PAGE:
Enter: YOU! You, who was such a big splash on the indie scene and now is writing the second-to-last issue of "Vibe." This is your big chance! I'm sure the comic reading public isn't going to blame you for a whole host of problems that are beyond your control (probably starting with the fact that you only have a week to get this script done), prompting old-school fans of your work to say: "DAMN! What happened to (blank)."

Related to "Sloppy Seconds" is...

The Booty Call
In Comics, the Booty Call is when you only get called in for work when the publisher needs somebody to do a quick "fill in" for a person who just shit the bed. Largely a phenomenon with comic book artists, you will be sweet-talked into dropping everything (read: your work for Dynamite) in order to turn around this comic almost overnight.

Problem with the Booty Call is that it can lull you into a false sense of hope, setting off a flurry of calls to the publisher after the work is done looking for perhaps a regular series.

But you're not going to get that regular series. Because you are just a Booty Call.

The Angry Ex
After going through Sloppy Seconds and/or the Booty Call, you may get bitter and become an Angry Ex. This is what Twitter and Rich Johnston are for. You will rail against the industry and its asshattedness, how unfairly Kirby (read: YOU) was treated. "Creator's Rights!" you'll say with an upraised fist. "Occupy Comics!" "Viva the Revolution!" "Bite me, Dan DiDio!"

And then, quite inexplicably, you get the Call. The same publisher you have been hating on has just offered you a sweet gig. Oh well: Guys Want What They Can't Have.

And maybe it's just Sloppy Seconds or a Booty Call–but you are too dazzled by the prospect of BEING IN COMICS! again to look a gift horse in the mouth. Congratulations: you have just now entered...

An Abusive Relationship
Have you been screwed over by working in Comics dozens of ways, yet for some thoroughly masochistic reason keep coming back? You are now a Battered Creator. You equate pain with love. You keep kidding yourself it's going to get better—but it doesn't. But that's okay. One day you'll change him.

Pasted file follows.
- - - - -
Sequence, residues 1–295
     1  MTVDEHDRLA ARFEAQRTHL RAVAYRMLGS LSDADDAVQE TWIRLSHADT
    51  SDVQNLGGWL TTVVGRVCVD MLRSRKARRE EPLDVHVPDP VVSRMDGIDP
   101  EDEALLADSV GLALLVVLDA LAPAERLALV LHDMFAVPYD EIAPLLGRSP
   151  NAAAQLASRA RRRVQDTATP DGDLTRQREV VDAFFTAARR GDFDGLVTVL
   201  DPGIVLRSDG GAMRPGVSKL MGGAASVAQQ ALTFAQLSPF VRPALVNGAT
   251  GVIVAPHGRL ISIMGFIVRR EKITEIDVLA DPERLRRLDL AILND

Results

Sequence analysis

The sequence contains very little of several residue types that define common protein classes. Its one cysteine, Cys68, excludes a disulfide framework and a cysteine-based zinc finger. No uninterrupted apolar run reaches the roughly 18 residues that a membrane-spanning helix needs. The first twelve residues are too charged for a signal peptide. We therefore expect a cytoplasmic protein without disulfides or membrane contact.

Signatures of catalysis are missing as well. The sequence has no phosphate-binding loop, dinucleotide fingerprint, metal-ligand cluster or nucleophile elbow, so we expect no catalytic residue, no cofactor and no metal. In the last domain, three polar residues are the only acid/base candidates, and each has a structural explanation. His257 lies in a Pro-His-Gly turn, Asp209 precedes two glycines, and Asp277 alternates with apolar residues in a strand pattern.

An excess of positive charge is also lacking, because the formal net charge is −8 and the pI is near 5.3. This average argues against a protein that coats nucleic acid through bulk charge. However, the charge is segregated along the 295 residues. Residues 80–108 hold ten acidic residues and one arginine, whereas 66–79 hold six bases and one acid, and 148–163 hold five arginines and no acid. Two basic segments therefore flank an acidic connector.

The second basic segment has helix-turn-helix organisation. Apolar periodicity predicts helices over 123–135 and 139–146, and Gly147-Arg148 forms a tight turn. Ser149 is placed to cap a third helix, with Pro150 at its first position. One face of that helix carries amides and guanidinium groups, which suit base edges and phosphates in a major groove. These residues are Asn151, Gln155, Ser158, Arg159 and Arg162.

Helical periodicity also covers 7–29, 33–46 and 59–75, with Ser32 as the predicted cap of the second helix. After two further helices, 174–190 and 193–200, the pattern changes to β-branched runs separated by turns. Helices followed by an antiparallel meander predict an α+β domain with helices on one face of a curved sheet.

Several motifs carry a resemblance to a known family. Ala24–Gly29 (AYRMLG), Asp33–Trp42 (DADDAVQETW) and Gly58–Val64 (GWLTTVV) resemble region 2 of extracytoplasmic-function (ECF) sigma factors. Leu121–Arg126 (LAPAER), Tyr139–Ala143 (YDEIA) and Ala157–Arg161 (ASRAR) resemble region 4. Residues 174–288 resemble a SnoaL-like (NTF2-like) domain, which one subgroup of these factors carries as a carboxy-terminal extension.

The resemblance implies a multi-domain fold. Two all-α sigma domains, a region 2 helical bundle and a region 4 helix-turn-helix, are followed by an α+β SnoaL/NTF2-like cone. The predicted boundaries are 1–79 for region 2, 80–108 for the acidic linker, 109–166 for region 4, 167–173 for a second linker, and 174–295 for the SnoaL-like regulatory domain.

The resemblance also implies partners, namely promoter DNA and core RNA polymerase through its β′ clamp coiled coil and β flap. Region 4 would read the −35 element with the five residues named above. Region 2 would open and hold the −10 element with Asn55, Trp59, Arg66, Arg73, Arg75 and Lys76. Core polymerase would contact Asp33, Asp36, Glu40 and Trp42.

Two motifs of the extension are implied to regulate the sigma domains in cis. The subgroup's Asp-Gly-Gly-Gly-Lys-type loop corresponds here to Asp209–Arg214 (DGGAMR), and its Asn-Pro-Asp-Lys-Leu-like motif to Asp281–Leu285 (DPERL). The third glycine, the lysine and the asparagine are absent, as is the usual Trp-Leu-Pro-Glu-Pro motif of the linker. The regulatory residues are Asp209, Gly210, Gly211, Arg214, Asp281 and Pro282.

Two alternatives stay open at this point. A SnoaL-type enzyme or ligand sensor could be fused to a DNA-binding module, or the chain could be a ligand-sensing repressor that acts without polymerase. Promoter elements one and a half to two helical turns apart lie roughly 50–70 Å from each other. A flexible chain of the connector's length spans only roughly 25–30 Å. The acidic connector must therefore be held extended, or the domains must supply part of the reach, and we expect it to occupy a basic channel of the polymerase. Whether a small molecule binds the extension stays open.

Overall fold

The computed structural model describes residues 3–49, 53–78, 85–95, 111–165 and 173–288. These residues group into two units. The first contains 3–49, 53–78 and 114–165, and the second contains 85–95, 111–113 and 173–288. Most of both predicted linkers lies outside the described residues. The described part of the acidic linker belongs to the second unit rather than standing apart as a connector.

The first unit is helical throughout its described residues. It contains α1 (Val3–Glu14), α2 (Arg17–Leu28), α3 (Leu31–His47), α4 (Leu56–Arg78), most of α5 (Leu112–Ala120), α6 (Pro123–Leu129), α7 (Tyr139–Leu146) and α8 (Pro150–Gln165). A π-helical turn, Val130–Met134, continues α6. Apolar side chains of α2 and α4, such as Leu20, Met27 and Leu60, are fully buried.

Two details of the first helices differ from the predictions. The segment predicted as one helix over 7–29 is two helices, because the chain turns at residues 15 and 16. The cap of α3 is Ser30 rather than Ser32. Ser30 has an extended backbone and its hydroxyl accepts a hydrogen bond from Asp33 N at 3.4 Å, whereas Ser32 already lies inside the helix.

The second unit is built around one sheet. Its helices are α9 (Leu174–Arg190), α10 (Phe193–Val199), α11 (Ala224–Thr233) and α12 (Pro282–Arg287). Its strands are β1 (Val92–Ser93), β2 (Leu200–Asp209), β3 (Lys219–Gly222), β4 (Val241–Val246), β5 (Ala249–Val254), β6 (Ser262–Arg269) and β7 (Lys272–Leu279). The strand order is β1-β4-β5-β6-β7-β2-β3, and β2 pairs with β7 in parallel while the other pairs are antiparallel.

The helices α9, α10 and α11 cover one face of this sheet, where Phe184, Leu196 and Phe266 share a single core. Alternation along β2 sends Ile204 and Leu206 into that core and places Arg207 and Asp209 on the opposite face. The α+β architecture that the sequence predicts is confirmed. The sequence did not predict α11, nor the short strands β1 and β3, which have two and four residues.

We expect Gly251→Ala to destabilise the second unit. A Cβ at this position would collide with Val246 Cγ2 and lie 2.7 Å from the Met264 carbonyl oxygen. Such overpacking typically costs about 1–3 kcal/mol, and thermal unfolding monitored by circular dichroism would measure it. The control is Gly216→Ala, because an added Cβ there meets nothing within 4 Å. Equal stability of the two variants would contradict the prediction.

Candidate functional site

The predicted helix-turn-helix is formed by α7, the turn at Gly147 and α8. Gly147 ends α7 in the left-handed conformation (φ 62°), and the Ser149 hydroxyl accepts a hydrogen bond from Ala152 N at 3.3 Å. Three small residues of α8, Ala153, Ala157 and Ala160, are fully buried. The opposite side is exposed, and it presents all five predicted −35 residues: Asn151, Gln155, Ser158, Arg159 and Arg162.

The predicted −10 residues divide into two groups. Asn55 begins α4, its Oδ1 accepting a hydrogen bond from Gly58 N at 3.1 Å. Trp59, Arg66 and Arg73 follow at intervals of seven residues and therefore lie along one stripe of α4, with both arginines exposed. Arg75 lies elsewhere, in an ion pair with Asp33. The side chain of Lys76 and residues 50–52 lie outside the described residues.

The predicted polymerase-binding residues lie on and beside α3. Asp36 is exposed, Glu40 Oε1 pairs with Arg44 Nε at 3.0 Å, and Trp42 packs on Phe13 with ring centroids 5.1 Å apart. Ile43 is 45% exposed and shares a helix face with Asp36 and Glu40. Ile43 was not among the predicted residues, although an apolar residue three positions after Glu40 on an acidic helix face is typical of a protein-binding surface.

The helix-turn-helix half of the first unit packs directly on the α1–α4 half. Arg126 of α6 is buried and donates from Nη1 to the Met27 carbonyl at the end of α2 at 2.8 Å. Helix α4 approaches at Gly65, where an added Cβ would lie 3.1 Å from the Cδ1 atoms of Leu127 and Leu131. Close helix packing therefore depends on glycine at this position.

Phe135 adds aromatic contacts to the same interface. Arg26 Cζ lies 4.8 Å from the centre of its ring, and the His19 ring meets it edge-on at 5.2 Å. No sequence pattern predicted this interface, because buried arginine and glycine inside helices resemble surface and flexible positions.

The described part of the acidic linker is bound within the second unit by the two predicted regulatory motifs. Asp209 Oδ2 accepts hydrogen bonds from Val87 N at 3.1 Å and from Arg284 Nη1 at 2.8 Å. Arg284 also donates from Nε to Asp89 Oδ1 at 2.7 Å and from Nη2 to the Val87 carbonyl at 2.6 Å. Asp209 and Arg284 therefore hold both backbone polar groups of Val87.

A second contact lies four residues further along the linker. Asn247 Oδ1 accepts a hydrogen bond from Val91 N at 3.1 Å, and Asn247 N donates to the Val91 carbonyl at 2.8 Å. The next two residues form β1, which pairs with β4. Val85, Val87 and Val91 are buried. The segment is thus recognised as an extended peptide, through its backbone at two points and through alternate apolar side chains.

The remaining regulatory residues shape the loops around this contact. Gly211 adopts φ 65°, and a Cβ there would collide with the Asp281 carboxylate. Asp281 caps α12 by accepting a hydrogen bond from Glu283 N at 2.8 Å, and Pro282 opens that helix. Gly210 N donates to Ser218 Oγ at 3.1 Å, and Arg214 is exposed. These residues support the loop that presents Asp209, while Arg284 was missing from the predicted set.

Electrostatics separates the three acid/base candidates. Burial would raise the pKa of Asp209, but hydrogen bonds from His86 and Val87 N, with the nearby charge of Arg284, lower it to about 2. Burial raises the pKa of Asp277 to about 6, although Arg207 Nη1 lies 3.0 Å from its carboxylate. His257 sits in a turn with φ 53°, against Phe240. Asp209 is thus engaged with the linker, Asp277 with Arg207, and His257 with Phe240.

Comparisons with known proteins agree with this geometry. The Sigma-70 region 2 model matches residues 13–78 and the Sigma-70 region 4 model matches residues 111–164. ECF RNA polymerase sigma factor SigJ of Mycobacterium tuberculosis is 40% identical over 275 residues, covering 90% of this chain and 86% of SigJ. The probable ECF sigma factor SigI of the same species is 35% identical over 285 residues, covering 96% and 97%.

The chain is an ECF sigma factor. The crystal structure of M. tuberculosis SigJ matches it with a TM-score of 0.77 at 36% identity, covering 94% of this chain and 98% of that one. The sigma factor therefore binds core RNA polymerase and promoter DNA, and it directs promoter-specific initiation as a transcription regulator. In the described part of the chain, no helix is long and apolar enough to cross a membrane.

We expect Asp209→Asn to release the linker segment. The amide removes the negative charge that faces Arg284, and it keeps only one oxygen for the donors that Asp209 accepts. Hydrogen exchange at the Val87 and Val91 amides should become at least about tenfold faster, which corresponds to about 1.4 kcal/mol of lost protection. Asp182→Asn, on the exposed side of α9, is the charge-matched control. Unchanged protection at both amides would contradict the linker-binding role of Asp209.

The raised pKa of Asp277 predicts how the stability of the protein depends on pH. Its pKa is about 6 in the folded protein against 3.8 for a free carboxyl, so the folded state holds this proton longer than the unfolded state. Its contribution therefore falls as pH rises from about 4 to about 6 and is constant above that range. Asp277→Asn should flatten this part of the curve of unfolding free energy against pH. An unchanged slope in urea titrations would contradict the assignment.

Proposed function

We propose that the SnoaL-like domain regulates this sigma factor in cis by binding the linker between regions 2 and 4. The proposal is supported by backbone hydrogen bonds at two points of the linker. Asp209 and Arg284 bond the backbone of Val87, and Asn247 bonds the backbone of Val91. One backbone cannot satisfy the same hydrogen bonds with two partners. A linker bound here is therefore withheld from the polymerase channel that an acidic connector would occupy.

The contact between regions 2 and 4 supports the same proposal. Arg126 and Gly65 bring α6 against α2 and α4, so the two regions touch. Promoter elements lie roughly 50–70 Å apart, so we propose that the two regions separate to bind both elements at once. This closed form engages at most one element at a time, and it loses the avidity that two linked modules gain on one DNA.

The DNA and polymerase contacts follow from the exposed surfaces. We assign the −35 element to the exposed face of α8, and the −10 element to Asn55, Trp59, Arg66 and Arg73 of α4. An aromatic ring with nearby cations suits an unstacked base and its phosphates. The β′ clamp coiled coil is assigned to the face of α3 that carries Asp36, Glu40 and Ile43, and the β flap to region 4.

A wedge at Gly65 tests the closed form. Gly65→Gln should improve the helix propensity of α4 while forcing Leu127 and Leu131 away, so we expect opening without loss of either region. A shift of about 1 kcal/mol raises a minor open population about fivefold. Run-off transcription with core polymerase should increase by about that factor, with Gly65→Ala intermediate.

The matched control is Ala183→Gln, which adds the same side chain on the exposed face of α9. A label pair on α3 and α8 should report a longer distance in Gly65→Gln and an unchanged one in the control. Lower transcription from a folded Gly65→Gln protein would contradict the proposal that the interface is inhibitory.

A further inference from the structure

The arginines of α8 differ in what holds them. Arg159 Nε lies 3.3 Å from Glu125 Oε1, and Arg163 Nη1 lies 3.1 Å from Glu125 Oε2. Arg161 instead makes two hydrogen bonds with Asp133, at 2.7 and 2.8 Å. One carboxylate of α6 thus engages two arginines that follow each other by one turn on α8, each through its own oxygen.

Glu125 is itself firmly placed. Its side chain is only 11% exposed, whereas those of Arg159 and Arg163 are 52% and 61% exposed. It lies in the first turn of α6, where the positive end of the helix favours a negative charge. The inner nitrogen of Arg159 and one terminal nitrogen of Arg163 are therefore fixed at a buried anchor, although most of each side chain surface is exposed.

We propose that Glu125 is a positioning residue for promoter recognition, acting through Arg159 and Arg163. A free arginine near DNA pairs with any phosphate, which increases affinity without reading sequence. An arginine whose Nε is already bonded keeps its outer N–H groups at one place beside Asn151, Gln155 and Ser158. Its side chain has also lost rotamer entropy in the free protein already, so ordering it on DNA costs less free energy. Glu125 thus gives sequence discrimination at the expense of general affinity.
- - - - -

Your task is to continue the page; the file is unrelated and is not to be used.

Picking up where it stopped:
One day.

So let's go over the checklist as to how you are going to be successful in the comic book industry:
1. Be young and sexy (consider "manscaping")
2. Be interesting (antique gynecological equipment)
3. Play hard to get (answer phone on third ring; or better yet, watch it go to voice mail)
4. Don't act desperate (you got tons of publishers all wanting a piece of "this")
5. Beware of Sloppy Seconds (new writer on "Vibe")
6. Beware of Booty Calls (fill-in inker on "Vibe")
7. It's OK to be an Angry Ex...
8. ...but be careful that you don't fall into an Abusive Relationship with Comics

BONUS: What type of Comic Creator Are You?

A) Chloe Moretz

Young, hot and dangerous. You have a hit book from Image about Russian marine biologists on LSD.

B) Katherine Heigl

You're sexy and all that, but everybody just seems to be really annoyed by you. You get a lot of the second-tier DC titles that are critically acclaimed yet nobody buys.

C) Tara Reid

Kinda a hot mess, but great on the SDCC hotel bar circuit. You're up for anything.

D) Beyonce

Extremely high-maintenance, but you have a solid fan base and sell books. You also get a lot of younger editors fired, but screw the little people.

E) Amanda Bynes

You're why nobody can go up to the Offices anymore without an appointment.

F) Kim Kardashian

Nobody knows what the hell you do or where you came from, but you're freakin' EVERYWHERE! New writer on "Vibe".

G) Lena Dunham

Well, you're kind of adorable...but NO MATT FRACTION!

H) Helen Mirren

You created Kitty Pryde, and that's damn sexy.